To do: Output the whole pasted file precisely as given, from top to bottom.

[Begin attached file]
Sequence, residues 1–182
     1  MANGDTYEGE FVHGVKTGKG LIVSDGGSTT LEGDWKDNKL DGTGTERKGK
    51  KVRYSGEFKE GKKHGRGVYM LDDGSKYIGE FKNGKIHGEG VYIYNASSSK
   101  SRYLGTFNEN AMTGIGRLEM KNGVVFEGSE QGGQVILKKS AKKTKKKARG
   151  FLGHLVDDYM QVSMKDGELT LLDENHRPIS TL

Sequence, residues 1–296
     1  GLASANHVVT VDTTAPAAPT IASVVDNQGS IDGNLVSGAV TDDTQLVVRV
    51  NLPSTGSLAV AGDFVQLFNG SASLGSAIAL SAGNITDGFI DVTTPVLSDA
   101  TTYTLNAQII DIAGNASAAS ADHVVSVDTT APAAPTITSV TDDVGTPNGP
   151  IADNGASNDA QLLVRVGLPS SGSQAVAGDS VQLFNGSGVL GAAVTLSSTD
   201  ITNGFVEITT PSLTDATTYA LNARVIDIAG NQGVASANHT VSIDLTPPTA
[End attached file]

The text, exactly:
Sequence, residues 1–182
     1  MANGDTYEGE FVHGVKTGKG LIVSDGGSTT LEGDWKDNKL DGTGTERKGK
    51  KVRYSGEFKE GKKHGRGVYM LDDGSKYIGE FKNGKIHGEG VYIYNASSSK
   101  SRYLGTFNEN AMTGIGRLEM KNGVVFEGSE QGGQVILKKS AKKTKKKARG
   151  FLGHLVDDYM QVSMKDGELT LLDENHRPIS TL

Sequence, residues 1–296
     1  GLASANHVVT VDTTAPAAPT IASVVDNQGS IDGNLVSGAV TDDTQLVVRV
    51  NLPSTGSLAV AGDFVQLFNG SASLGSAIAL SAGNITDGFI DVTTPVLSDA
   101  TTYTLNAQII DIAGNASAAS ADHVVSVDTT APAAPTITSV TDDVGTPNGP
   151  IADNGASNDA QLLVRVGLPS SGSQAVAGDS VQLFNGSGVL GAAVTLSSTD
   201  ITNGFVEITT PSLTDATTYA LNARVIDIAG NQGVASANHT VSIDLTPPTA